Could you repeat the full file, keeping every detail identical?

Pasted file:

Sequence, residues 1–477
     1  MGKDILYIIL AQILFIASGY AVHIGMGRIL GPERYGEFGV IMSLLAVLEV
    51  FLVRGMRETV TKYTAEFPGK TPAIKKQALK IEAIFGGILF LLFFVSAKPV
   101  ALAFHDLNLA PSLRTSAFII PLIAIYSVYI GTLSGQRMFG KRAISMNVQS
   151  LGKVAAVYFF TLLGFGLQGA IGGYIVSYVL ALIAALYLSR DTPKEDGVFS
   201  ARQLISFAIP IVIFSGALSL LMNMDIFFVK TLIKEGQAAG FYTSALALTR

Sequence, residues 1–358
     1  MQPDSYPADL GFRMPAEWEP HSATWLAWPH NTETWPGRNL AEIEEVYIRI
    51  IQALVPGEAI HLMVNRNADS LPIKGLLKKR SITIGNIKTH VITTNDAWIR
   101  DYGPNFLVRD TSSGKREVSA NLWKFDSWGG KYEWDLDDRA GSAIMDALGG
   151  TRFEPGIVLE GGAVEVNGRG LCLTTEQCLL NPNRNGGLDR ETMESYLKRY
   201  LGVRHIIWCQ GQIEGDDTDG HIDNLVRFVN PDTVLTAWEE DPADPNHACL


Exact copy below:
Sequence, residues 1–477
     1  MGKDILYIIL AQILFIASGY AVHIGMGRIL GPERYGEFGV IMSLLAVLEV
    51  FLVRGMRETV TKYTAEFPGK TPAIKKQALK IEAIFGGILF LLFFVSAKPV
   101  ALAFHDLNLA PSLRTSAFII PLIAIYSVYI GTLSGQRMFG KRAISMNVQS
   151  LGKVAAVYFF TLLGFGLQGA IGGYIVSYVL ALIAALYLSR DTPKEDGVFS
   201  ARQLISFAIP IVIFSGALSL LMNMDIFFVK TLIKEGQAAG FYTSALALTR

Sequence, residues 1–358
     1  MQPDSYPADL GFRMPAEWEP HSATWLAWPH NTETWPGRNL AEIEEVYIRI
    51  IQALVPGEAI HLMVNRNADS LPIKGLLKKR SITIGNIKTH VITTNDAWIR
   101  DYGPNFLVRD TSSGKREVSA NLWKFDSWGG KYEWDLDDRA GSAIMDALGG
   151  TRFEPGIVLE GGAVEVNGRG LCLTTEQCLL NPNRNGGLDR ETMESYLKRY
   201  LGVRHIIWCQ GQIEGDDTDG HIDNLVRFVN PDTVLTAWEE DPADPNHACL